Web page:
Squarriors lures you into a false sense of security. Ashley Witter draws the most wonderfully beautiful animals and leaves you melting at the wont expressions of vulnerability. She then slaps you hard when you see such violence and bloodshed emanate from the next page. It is quite difficult to reconcile, as it is not often you see animals participate in such hideous acts of destruction. These are not moments of survival of the fittest but purposeful actions delivered with malice. The world Maczko has developed is one akin to human tribal warfare and harks to the themes of control and power that are associated with that. There needn’t be an explanation for the creation of this world but there are flashbacks to a time more recognisable, where humans roamed the Earth. There was an event that caused them to become extinct and gifted rational thought to the remaining animals. It is interesting to see how those two worlds are now so far removed from one another but at the same time, not really at all.
This is the second series of Squarriors and sets up the story of three main tribes, the Tinkin, the Maw and the Amoni. However there have been others and there are hints at a tribe yet to be encountered. There are a number of codes developed by the tribes ancestors, which we assume was produced in order to live in peace during newfound intelligence. Though not specifically mentioned in this issue, the Code of Will is likely to be quite liberal and peaceful a lifestyle and the Code of Blood really needs no explanation. There are leaders and followers with classic dissenters and betrayers. Witter depicts them so fervently that they need not speak in order for their personality to come through. The black cat with a crown made from bones is quite clearly the emperor of the Amoni, and his viciousness come through a furrowed gaze. If that wasn’t enough his feasting on a terrified mouse with blood dripping from his jowls certainly is. Ra speaks to Grin who is a messenger rat with half of his fur missing from his face. It makes for uncomfortable reading as it instantly conjures violent imagery, but his sullen tone questions whether there was honour to his actions a long time ago. Similar characterisations can be found amongst other tribes with a lovely bearded squirrel maw leader, wise through age and thoughtful through painting. The interlopers are younger and appear fresh faced with such zeal that they require firm control. The true wonder of Ashley’s art is that the expressions these various creatures convey are so easily understandable and instantly place them in the story. Of all of these, the most gorgeous is Meo who speaks to the ghost of a long lost sibling and develops the courage that you could not possible imagine from a character so fragile. That is where the surprise lies and also the enticement for future plot developments.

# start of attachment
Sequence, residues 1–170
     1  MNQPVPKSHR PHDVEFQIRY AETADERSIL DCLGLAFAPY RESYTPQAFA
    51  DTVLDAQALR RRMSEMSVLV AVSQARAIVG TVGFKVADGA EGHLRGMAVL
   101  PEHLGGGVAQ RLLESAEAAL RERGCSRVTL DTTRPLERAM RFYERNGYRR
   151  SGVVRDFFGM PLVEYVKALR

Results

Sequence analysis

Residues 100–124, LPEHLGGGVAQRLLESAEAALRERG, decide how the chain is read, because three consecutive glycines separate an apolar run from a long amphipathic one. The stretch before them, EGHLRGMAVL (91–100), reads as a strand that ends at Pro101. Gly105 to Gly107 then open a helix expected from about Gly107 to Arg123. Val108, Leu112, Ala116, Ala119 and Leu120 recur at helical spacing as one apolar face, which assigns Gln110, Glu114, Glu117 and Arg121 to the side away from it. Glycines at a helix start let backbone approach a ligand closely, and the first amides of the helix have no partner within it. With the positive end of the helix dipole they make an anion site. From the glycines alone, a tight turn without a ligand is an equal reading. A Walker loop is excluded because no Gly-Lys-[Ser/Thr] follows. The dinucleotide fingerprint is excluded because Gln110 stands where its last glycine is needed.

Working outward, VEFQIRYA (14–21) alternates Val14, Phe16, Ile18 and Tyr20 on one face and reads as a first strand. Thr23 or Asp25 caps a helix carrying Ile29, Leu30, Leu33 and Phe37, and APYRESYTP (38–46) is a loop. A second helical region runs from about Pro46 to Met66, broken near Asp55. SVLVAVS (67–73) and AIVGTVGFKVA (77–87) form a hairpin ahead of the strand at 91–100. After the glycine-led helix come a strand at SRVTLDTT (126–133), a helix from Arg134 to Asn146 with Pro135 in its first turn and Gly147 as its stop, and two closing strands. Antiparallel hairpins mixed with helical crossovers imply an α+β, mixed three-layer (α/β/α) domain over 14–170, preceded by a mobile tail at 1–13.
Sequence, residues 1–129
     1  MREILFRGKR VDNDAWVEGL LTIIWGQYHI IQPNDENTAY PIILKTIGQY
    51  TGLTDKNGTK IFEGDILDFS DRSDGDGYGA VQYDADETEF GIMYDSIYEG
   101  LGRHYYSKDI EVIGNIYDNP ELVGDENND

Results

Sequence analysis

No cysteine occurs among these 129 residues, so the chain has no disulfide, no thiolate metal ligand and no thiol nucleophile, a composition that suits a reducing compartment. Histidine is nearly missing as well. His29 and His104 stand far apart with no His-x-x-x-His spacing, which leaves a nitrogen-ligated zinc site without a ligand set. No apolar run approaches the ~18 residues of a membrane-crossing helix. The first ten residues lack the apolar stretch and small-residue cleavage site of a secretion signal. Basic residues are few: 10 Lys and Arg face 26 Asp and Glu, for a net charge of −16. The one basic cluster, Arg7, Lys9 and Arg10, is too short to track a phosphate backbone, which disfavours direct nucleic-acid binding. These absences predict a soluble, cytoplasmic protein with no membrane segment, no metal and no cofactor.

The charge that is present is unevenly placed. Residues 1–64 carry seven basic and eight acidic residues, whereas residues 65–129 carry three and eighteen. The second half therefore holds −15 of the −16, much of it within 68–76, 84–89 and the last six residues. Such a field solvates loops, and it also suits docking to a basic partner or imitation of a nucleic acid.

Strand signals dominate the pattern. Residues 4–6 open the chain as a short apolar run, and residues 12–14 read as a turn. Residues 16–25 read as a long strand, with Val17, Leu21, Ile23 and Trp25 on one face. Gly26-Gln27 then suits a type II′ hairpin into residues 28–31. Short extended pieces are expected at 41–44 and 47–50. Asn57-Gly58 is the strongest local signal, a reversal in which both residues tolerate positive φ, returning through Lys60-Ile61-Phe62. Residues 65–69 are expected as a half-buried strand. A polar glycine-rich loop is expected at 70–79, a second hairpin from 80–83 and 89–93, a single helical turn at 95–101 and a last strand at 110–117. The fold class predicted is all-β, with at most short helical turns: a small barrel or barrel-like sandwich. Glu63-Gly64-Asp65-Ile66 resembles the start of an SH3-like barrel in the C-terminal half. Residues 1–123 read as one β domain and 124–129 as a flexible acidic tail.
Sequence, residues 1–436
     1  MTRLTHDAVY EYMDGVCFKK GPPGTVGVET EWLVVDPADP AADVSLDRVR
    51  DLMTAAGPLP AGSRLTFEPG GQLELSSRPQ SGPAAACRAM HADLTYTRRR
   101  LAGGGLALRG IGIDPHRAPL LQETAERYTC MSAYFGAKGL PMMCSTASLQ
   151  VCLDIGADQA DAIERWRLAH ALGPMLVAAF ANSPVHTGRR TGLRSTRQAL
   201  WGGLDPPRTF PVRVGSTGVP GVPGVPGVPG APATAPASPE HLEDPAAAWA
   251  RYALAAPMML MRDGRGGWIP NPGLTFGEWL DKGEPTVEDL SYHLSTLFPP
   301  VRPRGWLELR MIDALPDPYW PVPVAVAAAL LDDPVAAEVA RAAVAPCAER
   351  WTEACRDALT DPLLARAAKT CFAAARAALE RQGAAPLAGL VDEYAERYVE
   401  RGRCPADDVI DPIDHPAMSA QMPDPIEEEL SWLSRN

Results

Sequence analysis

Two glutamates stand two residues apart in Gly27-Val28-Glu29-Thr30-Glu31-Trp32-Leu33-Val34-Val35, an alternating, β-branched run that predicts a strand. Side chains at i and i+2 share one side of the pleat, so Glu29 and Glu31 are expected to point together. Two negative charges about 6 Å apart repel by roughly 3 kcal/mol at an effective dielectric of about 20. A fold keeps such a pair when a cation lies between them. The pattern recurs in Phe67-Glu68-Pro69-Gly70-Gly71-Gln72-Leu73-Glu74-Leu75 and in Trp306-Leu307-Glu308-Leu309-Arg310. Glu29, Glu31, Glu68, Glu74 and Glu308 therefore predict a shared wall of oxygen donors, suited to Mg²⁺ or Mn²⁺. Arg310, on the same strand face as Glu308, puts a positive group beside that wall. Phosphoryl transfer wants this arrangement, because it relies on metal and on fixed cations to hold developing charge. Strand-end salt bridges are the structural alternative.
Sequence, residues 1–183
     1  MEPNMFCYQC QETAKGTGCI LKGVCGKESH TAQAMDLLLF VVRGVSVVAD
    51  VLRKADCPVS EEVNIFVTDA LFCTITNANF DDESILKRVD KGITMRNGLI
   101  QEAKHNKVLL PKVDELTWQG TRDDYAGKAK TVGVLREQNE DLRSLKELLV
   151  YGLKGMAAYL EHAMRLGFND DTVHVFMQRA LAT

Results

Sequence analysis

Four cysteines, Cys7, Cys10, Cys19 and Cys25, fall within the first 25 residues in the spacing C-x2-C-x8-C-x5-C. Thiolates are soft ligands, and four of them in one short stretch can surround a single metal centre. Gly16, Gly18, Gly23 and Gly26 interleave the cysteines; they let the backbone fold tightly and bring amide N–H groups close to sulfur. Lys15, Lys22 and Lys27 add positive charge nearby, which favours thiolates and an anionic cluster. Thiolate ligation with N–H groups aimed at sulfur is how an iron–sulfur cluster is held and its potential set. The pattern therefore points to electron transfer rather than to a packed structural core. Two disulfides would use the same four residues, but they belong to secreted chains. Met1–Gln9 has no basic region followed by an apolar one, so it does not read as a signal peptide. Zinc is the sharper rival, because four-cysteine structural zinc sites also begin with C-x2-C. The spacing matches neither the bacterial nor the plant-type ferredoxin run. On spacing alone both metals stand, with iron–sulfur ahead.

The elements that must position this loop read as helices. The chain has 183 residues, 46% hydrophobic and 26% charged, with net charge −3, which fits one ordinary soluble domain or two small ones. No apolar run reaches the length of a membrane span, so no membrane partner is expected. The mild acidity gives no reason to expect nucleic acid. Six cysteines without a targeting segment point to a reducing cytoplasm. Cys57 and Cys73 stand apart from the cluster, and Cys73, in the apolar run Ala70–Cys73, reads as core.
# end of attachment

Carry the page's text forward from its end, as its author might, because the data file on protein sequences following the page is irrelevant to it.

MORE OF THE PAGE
Though the gorgeous environments and innovative use of discarded human rubble is quite entertaining, observing such cute animals being so vicious is enough to bring dread and worry. These mammals were once instinctive and fought to survive, now they have taken on more personal pursuits greater than just survival. The majority live under rule and follow orders of those more intelligent, powerful or fearsome. The consequences of constructing a new society has incited shock and disgust at something humans once deemed pretty. The codes represent ways of living and societal hierarchy, ranging from authoritarianism to liberalism and there are even some insights of a higher power and religion. Though not directly hinted at, there is some speciesism because it is impressive how the badgers and dogs have become subjugated by smaller and likely cleverer animals. The comic is a very clever and beautiful distraction, with its stunning aesthetic, from the real story at its heart: A metaphor for humanity. There have been many stories like this, focused upon the base wars between tribes over land, money, loyalty etc. But it has been a while since it was shown in animal form, and an even longer time seeing it in such glorious beauty. That is where it is most effective because it takes what is familiar and known to us, something that brings comfort and solace and then mutilates it. It becomes so estranged that it is almost unrecognisable, until those animals lose their fur, stand on two legs and suddenly see that it is our story it is telling. It is almost Orwellian but Orwell has never been as beautifully drawn as this book.